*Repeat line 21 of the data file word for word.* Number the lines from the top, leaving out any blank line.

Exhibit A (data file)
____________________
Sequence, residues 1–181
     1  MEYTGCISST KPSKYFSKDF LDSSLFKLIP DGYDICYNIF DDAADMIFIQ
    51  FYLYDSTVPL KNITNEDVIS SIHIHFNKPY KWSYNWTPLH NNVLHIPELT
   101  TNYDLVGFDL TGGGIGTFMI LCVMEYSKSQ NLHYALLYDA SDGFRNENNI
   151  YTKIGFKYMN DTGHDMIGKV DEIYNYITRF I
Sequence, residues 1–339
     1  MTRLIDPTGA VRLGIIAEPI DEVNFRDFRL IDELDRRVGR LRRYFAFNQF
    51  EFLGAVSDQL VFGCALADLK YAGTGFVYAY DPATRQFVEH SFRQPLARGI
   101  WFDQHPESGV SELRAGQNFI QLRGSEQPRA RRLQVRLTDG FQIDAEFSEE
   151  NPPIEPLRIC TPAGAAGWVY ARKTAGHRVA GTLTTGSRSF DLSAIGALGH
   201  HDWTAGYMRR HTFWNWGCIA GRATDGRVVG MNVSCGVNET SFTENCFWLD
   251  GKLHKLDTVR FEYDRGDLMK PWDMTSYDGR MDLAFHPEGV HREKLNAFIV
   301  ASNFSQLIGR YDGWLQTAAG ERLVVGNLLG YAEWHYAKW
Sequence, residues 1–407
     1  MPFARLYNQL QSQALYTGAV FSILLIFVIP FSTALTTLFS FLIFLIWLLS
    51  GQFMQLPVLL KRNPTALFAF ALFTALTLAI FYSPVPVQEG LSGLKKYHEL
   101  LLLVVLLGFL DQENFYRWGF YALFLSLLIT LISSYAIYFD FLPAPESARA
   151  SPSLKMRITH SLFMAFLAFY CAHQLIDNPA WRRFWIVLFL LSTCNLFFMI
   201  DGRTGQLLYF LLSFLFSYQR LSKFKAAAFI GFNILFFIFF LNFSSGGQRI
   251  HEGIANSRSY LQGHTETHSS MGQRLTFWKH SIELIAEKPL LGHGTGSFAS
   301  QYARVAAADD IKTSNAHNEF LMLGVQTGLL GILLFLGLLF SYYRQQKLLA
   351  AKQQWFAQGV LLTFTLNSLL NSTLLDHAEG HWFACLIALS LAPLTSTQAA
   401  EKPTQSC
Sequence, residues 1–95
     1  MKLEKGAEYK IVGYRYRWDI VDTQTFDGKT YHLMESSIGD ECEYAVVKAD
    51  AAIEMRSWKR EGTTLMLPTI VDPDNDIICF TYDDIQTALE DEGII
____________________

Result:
   301  QYARVAAADD IKTSNAHNEF LMLGVQTGLL GILLFLGLLF SYYRQQKLLA